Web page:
Backgammon

I have frequently in this column extolled the virtues of "Backgammon" by Paul Magriel, advising readers to procure a second-hand copy whenever possible. The great news for all those aspiring to improve their play is that the book has now become available once more. After much wrangling over publishing rights, Magriel has formed his own company, X-22 Publishing, and re-issued the book in its original form. X-22 is Magriel's nickname, coined after his propensity for splitting to his opponent's 3-point early in the game.

As the book was first printed in 1976 it is a testament to the quality of the work that it can be re-issued 21 years later without having to change the original text. When Magriel wrote the book he was undoubtedly the best player in the world and was the first to try to explain the fundamental principles of the game. Until this book was written none went further than explaining the opening moves.

In essence, it clearly explains how to play good backgammon in a way that no book before or since has quite matched. Having defined the rules and the basic game types it explains with excellent examples the principles of duplication and diversification, the strength of the 5-point (named by Magriel the Golden Point). It lays out rules for when to play boldly and when to play safe, when to split your back men and when not to split them. Many other basic (and some not so basic) backgammon concepts are explained. In 400 pages the author leads the reader on the journey from complete novice to competent player.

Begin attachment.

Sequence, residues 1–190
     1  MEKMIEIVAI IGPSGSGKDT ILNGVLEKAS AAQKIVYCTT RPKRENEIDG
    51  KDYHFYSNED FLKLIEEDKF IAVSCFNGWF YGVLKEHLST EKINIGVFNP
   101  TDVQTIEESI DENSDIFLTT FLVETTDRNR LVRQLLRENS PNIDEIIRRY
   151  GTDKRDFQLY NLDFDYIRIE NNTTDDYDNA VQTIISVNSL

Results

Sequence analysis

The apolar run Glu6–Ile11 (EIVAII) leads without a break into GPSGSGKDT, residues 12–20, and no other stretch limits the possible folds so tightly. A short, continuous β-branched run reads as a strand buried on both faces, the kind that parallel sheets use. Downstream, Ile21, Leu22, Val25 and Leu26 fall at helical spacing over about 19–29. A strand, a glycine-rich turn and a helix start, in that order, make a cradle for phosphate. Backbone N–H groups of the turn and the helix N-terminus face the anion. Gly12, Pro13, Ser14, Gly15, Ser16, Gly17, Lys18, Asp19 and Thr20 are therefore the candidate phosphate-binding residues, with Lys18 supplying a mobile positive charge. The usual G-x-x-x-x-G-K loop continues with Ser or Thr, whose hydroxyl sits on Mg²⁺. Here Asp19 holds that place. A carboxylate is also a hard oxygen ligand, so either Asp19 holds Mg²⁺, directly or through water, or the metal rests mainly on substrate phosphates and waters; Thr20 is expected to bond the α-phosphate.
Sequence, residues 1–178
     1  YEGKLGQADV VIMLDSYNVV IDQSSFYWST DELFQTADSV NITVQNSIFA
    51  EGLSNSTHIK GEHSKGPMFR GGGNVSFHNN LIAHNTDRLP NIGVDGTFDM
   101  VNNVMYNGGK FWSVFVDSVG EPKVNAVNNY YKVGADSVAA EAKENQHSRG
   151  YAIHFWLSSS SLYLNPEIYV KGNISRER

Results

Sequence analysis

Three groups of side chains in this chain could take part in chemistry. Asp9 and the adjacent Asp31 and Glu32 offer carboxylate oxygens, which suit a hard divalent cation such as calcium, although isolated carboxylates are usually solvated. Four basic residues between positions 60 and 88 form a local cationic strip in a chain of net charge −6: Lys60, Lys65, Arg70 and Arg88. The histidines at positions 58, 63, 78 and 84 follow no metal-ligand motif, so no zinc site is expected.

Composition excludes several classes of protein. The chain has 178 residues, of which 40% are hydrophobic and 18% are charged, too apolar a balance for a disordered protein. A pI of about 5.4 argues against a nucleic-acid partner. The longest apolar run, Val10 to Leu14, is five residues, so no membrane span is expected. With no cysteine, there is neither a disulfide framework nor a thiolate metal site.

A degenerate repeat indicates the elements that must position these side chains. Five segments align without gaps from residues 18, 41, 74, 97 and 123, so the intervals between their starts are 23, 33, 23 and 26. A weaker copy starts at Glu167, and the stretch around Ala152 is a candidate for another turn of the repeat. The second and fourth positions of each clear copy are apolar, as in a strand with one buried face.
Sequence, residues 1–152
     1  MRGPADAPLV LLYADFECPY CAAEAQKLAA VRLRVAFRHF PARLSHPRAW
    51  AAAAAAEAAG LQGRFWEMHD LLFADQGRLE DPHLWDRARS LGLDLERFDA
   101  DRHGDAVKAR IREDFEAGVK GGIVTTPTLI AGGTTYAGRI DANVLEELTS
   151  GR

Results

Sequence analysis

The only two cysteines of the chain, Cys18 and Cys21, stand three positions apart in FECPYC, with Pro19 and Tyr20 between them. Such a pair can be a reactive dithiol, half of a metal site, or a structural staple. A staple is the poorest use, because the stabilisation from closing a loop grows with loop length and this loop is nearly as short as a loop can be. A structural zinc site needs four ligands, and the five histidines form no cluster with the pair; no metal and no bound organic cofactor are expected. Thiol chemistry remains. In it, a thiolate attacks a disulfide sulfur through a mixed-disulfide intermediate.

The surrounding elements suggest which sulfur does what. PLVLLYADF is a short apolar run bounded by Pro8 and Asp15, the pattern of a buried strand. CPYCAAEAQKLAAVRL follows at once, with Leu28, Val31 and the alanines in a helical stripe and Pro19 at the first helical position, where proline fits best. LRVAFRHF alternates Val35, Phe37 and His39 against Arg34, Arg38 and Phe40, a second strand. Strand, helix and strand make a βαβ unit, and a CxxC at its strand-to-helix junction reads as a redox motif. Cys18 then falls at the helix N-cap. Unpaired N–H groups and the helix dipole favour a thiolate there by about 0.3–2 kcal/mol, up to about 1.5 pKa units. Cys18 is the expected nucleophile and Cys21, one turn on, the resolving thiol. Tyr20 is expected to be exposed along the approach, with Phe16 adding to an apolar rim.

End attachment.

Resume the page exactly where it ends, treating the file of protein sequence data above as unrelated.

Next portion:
The one area of the game which the book covers only lightly is doubling, but even here there are some gems. I will close with some very sound advice from the book on the topic of doubling:

"Each game must be considered on its own merits; you must try to avoid letting what happened in the last game cloud your judgement. There is no surer way to lose many points than to double prematurely and accept bad doubles to try to recoup past losses. From a theoretical viewpoint, the question of accepting doubles (and offering them also) should be considered independently of the cube. In other words it is never theoretically correct to accept a double at the 8 level which you would pass at the 2 level or vice versa."

Excellent practical advice, which if followed will save you many points. "Backgammon" can be obtained from Carol Joy Cole, 3003 Ridgecliffe Drive, Flint, Michigan 48532-3730, USA. The price is $45 plus air mail postage.

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